Government ministers have been criticised of failing to demonstrate strong leadership in encouraging partnership working across traditional public sector boundaries.
Although much Government thinking is aimed at bridging the cultural divide between the health service and central and local government, ministers themselves have been accused of neglecting to carry this forward through their own actions.
Speakers and delegates at the inaugural conference of the Public Management and Policy Association in Brighton said that there were many examples of collaboration at
ground level, ministers appeared still to be thinking and working within departmental confines.
A highlighted example of this was with Best Value, the major initiative for improvement of local authority services, steered by the Department for Environment, Transport and the Regions. Although it clearly has a wider application there have been no pronouncements about how it applied to education or health.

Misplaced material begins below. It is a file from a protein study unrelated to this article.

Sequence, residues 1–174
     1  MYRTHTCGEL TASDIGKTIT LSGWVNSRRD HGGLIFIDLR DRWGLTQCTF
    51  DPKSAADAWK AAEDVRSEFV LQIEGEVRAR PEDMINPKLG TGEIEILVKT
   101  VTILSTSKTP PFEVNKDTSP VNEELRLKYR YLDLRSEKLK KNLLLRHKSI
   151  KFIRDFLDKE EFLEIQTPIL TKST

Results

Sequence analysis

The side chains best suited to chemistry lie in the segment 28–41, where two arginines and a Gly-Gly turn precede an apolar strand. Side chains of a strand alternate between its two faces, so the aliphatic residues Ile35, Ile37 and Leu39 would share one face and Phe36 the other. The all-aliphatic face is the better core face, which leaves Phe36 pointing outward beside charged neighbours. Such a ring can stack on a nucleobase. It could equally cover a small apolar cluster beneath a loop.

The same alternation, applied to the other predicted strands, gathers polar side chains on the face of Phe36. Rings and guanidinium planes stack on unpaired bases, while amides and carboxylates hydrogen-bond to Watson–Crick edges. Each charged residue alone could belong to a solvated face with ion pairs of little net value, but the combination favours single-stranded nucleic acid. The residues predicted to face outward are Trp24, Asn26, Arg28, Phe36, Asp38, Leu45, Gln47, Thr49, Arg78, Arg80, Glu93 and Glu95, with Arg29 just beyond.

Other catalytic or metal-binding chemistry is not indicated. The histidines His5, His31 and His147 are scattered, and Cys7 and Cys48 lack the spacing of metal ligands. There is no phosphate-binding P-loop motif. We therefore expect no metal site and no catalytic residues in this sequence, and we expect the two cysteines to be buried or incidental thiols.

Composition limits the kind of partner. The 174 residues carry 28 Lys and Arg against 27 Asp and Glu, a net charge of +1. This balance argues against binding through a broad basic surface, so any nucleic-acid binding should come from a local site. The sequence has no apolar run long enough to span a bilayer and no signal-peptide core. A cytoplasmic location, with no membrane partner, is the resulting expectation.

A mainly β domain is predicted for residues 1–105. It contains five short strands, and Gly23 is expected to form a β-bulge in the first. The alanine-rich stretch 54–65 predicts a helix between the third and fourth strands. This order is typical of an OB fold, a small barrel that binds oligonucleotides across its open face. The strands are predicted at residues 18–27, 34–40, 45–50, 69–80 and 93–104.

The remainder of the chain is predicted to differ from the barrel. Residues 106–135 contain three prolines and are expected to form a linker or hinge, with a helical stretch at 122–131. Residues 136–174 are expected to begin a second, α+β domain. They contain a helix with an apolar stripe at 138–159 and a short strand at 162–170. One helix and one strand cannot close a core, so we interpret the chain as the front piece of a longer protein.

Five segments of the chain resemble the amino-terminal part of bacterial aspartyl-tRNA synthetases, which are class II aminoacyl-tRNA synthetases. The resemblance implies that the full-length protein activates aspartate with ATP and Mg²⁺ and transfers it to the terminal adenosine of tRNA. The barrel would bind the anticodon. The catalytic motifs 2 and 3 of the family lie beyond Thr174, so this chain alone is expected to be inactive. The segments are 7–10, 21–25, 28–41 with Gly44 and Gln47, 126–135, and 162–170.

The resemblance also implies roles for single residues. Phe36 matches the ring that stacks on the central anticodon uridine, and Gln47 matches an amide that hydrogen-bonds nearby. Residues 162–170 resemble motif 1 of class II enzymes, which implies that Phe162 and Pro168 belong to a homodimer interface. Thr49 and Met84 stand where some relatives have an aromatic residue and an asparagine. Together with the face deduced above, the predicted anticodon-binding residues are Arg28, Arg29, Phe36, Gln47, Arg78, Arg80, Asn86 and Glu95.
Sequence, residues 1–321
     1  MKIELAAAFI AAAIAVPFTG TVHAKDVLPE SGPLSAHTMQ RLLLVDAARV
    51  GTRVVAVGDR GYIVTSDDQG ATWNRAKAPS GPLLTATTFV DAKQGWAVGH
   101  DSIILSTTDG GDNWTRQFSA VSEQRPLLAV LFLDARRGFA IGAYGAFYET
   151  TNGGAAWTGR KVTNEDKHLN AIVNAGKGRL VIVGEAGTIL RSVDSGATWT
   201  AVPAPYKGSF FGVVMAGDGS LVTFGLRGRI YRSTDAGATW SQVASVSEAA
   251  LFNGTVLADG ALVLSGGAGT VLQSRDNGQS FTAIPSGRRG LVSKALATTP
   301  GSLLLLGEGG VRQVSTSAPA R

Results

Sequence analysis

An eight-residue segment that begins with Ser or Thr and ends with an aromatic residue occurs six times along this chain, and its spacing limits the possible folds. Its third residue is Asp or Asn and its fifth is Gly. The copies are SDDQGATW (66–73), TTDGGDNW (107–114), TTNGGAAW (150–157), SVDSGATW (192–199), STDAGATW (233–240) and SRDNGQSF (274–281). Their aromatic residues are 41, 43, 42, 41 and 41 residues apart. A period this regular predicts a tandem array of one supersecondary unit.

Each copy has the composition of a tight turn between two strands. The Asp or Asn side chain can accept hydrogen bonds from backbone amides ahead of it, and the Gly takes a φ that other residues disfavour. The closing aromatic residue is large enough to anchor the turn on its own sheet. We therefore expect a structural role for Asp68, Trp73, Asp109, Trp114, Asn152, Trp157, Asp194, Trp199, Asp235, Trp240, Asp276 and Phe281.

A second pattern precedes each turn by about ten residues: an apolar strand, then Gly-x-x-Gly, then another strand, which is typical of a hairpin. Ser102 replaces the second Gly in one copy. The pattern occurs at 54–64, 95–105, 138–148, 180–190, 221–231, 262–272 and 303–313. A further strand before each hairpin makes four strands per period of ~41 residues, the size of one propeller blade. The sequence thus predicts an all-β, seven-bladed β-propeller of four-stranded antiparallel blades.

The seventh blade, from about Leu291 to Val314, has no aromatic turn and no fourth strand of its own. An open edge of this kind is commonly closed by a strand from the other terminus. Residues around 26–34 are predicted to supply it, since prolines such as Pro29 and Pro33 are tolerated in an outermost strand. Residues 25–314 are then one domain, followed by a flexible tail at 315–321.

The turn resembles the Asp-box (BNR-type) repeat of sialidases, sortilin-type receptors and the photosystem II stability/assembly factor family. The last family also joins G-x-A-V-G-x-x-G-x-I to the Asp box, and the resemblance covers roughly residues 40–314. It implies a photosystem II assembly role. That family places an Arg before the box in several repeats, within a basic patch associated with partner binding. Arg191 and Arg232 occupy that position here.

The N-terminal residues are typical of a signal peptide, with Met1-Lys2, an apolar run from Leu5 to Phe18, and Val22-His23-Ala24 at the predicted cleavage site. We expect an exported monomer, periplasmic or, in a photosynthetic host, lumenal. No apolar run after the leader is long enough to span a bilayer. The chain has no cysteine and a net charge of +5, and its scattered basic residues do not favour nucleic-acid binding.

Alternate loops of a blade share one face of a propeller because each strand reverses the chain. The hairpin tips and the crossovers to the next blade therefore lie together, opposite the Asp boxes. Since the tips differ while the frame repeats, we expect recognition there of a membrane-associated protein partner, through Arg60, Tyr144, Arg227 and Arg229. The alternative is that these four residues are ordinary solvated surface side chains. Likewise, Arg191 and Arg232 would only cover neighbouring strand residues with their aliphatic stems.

Another practical example of the remaining differences between sectors was illustrated by the different definitions of ‘urgent visit’. The health service response is measured in hours, but in social services it is measured in days. There was a call for joint training to precede joint working to foster greater understanding of wider professional disciplines.
The PMPA was set up to bring together managers and policy-makers from across public services.